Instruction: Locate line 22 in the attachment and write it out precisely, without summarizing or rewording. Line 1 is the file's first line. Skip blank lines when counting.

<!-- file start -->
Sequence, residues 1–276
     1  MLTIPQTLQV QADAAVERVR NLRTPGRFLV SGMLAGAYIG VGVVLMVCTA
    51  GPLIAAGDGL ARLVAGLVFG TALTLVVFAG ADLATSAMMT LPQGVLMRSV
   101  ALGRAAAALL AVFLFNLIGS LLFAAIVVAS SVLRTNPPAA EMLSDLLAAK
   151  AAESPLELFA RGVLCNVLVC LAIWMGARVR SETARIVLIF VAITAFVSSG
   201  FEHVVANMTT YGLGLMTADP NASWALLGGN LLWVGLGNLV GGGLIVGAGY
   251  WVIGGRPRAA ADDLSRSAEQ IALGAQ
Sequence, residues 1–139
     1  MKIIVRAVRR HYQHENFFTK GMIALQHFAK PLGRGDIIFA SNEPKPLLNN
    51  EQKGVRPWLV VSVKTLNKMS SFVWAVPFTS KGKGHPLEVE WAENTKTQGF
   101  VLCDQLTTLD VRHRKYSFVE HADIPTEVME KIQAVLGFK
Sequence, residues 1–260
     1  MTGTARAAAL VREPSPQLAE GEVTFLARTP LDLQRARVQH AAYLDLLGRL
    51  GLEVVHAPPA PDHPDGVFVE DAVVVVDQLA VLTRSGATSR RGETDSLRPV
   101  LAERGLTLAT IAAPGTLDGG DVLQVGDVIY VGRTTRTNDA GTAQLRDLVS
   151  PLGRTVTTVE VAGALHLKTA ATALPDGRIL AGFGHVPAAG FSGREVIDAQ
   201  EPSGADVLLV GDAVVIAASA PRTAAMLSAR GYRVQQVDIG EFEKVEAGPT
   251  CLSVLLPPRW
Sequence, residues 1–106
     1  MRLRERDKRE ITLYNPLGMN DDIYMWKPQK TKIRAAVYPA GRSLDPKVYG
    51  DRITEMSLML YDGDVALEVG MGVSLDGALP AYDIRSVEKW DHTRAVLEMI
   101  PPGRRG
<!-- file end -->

   101  PPGRRG